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UK's New Immigration Policy: Impact & Changes in 2024

Responding to a surge in migrant influx, the UK government has introduced a comprehensive plan addressing the challenges of increased population pressure. Despite expectations of reduced migration post-Brexit, the UK is grappling with a rise in migrants, impacting the competitive labour market, strained NHS services, and crowded transportation systems.

The Minister of State for Legal Migration and Delivery unveiled a strategic initiative set to be implemented in Spring 2024, focusing on limiting benefits, refining settlement criteria, and increasing migrant responsibility in healthcare. Key policy changes include adjustments to salary requirements, reduction of eligible sectors for Tier-2/Skilled Worker visas, and restrictions on bringing dependents.

These measures aim to mitigate the impact of migration drivers, such as study, work, and asylum. As geopolitical uncertainties persist, the UK remains a highly competitive environment, making migration policies unpredictable and necessitating adaptability from those navigating these changes.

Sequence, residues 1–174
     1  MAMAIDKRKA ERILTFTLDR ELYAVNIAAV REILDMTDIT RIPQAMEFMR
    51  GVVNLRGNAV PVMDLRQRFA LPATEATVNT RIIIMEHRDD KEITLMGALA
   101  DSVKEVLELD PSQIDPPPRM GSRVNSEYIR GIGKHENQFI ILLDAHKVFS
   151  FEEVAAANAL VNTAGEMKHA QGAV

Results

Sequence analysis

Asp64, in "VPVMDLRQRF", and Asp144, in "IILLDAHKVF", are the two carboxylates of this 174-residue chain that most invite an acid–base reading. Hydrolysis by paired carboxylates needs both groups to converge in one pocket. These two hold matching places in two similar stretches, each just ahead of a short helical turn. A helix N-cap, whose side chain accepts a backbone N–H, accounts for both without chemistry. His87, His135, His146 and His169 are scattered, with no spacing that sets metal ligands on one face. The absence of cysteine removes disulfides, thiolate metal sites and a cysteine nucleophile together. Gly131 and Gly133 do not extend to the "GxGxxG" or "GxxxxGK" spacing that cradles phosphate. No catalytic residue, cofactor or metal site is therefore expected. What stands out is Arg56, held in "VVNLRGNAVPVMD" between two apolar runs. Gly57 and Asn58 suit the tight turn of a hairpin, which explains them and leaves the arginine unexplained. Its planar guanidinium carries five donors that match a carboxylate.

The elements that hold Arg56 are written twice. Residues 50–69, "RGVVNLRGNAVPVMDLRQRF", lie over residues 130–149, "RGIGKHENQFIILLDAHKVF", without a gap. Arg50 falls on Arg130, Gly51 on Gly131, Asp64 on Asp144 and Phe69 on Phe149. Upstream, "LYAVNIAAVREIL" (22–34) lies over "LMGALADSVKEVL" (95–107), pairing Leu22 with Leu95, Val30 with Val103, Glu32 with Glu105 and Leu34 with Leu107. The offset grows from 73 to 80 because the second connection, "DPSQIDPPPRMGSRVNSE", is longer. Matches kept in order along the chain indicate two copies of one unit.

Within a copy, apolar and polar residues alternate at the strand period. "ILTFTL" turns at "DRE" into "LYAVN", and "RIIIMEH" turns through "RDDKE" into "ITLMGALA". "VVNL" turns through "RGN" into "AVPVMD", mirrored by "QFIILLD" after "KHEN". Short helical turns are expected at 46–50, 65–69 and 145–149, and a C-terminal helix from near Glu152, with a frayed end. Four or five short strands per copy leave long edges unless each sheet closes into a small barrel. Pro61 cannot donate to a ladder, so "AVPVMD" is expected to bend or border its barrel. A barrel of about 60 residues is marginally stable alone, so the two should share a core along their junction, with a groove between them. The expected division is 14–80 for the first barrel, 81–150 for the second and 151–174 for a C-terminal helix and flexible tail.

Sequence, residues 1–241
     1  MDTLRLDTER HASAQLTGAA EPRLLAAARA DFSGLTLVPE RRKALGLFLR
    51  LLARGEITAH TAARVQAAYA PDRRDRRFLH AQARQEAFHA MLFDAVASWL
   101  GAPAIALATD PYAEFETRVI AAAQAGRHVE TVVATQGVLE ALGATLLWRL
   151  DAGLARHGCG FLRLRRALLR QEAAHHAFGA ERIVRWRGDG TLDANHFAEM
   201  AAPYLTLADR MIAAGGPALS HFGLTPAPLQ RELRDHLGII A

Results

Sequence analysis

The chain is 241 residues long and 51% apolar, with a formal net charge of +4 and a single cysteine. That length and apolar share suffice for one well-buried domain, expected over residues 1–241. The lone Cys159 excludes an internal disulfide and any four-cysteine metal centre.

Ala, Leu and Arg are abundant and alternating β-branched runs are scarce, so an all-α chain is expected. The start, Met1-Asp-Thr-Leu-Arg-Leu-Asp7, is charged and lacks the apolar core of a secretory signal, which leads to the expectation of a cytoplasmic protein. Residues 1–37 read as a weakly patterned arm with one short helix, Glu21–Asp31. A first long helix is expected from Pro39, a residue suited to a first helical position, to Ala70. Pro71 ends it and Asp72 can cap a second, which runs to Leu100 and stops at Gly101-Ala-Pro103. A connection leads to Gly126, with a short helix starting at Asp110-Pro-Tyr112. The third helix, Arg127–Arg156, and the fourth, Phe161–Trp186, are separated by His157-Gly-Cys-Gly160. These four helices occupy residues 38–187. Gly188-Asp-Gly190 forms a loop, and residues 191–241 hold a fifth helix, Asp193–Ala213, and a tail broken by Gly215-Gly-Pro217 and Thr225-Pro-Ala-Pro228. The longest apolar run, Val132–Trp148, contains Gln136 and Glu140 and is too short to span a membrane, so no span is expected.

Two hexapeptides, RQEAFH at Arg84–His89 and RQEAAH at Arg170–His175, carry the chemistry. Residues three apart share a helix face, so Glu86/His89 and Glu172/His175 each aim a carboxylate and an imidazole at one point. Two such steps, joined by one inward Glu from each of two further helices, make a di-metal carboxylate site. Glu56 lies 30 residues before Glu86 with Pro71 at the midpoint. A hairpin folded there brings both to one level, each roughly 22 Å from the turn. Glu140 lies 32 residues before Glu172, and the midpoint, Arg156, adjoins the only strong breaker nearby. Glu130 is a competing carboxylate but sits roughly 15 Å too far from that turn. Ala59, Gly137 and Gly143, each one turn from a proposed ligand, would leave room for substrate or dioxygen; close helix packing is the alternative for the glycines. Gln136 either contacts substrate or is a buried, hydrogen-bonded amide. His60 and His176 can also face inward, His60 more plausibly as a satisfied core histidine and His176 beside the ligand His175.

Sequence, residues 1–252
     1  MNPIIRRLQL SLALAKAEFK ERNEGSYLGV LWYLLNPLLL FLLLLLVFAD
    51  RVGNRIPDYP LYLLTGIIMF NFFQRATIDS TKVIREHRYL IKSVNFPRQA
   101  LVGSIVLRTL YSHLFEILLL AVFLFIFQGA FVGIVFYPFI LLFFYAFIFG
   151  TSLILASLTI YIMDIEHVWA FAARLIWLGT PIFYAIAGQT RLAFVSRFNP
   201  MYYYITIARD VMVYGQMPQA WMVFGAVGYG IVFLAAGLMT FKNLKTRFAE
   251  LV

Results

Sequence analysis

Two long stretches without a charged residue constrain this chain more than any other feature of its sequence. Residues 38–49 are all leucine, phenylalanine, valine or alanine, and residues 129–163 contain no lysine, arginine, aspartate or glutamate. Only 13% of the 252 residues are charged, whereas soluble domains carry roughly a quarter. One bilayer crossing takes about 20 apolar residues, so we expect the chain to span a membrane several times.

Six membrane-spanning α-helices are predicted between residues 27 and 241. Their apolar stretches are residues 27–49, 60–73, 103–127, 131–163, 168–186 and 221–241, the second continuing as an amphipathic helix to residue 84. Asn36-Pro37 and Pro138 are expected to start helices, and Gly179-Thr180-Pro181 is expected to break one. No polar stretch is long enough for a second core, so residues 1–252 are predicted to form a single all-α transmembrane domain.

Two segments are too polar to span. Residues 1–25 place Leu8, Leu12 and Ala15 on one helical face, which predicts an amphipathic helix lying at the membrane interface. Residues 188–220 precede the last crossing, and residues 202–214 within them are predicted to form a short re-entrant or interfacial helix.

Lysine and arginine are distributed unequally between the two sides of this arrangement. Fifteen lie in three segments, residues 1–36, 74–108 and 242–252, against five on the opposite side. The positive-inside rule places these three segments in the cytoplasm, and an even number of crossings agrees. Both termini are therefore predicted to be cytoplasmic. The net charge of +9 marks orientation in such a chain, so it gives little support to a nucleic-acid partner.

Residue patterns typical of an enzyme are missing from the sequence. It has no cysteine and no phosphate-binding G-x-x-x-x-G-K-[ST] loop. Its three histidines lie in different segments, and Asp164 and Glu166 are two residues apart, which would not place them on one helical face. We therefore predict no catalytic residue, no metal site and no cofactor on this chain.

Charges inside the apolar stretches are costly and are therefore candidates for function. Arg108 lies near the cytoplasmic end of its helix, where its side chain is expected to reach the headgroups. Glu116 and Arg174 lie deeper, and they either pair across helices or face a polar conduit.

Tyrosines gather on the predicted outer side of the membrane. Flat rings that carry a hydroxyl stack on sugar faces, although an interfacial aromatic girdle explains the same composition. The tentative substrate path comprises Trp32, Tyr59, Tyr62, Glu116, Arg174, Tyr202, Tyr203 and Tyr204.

Anyone currently in the UK, particularly in bustling metropolitan areas like London, would notice the streets are increasingly crowded.

The UK labour market is feeling the effects of migration, with a surprisingly high influx of migrants post-Brexit, defying the anticipated impacts of Brexit on immigration. This surge places considerable strain on the UK, with the job market at peak competitiveness, the NHS at full capacity, and the tube at its most congested. Coupled with the cost of living crisis, the conditions of living in the UK are growing more severe, and the public's dissatisfaction is palpable. In response, towards the end of 2023, the Minister of State for Legal Migration and Delivery unveiled a strategy to address the challenges of Brexit immigration and the effects of migration, pledging to implement this plan in Spring 2024.